Mental Illness and the Stigma
- Filed under "mental health"
- Published Tuesday, October 22, 2019
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According to the Centers for Disease Control and Prevention, one in 5 children living in our country show signs or symptoms of a mental health disorder. Periods of depression, substance abuse, or anxiety are common in every classroom.
The National Alliance on Mental Illness reports that 20% of 13 to 18-year-olds live with a mental health condition, 11% of youth have a mood disorder, 10% have a conduct or behavioral disorder, and 8% suffer from an anxiety disorder. Half of all cases of mental illness begin by age 14; 75% by age 24, causing more students to drop out of high school and/or become ensnared by our juvenile justice system. Many cases end in suicide – the 3rd leading cause of death in 10 to 24-year-olds.
By the time we’re adults, the numbers are even greater, with an estimated 50% of Americans diagnosed with a mental illness or disorder at some point in their lifetime. Mental illnesses are the third most common cause of hospitalization for 18 to 44-year-olds, and for adults living with serious mental illness, the lifespan can be shortened by as much as 25 years.
More work days are lost due to depression, anxiety, and stress than any other illness and people with severe mental illnesses are 10 times more likely to be victims of violent crime than the general population.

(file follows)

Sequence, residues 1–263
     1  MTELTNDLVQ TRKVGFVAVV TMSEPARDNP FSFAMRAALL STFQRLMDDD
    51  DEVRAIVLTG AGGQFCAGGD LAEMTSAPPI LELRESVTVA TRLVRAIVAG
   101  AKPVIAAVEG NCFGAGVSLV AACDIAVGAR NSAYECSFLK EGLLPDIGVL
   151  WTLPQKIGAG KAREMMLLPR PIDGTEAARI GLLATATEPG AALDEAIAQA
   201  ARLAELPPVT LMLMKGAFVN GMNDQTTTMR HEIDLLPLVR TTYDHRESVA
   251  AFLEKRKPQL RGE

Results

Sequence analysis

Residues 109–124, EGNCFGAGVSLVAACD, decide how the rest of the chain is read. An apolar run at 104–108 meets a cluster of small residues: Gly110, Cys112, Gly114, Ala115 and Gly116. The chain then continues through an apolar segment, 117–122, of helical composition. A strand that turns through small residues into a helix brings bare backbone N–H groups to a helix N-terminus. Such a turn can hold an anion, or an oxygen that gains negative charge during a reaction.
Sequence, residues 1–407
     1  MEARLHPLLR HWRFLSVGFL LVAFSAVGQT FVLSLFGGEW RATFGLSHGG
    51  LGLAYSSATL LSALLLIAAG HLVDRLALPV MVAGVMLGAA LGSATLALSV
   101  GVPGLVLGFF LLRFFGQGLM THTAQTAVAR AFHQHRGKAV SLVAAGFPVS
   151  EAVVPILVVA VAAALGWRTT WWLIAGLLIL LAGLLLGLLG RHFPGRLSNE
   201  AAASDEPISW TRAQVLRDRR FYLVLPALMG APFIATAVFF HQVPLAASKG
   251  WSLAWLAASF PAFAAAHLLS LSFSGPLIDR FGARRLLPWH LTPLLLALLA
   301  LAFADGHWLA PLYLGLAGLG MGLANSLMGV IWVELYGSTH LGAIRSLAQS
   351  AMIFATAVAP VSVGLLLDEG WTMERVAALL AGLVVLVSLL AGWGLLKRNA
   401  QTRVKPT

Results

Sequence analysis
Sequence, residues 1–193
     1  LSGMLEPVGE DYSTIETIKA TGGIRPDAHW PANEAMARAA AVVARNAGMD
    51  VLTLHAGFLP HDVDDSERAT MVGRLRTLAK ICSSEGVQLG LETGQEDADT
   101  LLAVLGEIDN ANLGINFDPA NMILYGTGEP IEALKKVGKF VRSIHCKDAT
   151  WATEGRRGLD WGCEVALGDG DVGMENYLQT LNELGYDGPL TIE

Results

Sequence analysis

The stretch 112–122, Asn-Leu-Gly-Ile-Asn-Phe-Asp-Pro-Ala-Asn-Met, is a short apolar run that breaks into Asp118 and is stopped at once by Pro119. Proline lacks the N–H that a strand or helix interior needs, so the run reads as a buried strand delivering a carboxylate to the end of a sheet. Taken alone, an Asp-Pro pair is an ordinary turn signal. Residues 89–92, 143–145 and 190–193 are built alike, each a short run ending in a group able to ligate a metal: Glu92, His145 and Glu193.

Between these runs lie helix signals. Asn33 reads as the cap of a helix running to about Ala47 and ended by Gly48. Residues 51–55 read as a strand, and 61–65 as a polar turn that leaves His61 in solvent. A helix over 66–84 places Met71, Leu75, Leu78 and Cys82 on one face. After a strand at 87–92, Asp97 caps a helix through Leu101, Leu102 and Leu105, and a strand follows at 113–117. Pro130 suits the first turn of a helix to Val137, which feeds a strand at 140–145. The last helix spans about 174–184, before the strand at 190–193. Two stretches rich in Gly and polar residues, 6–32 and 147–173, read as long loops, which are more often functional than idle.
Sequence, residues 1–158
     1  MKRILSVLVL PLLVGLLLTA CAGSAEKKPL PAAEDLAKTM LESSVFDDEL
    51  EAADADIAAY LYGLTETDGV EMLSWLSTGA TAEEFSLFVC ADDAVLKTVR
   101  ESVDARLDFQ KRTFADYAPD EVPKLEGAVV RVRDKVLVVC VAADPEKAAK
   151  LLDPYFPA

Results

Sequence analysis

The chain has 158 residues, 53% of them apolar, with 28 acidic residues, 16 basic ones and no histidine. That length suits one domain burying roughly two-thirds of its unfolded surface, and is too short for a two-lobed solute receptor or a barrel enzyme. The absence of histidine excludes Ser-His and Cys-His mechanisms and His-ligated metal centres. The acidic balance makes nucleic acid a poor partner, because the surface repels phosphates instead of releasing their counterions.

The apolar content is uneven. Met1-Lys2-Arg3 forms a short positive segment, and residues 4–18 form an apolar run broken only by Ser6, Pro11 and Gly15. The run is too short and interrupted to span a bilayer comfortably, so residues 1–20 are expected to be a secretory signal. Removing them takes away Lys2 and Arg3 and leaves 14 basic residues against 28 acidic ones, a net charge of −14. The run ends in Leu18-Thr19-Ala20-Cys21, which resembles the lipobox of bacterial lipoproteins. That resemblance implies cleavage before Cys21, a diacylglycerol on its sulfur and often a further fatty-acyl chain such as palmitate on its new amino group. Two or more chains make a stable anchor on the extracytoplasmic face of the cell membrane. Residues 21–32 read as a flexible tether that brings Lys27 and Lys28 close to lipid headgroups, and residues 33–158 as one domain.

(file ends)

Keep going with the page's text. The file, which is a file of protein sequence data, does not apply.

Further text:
If you’d like to read the 2019 State of Mental Health in America Report, you’ll find more facts and figures, along with state rankings for prevalence of illness and access to healthcare.
MAKE IT OKAY is a new public awareness campaign working to reduce the stigma of mental illness – in people of all ages. On its website are a multitude of tools to raise awareness of mental illness, help start conversations about the conditions, and reduce the stigma commonly associated with the disease.
Reducing or eliminating the stigma associated with mental illness can go a long way toward building understanding and support for people and families living with or touched by mental illness. Sometimes the simplest act or comment can make the biggest difference.
You can help us spread the word. Share the information, forward the website, open the conversation. It helps us strengthen the security and well-being of girls and women, and of our community.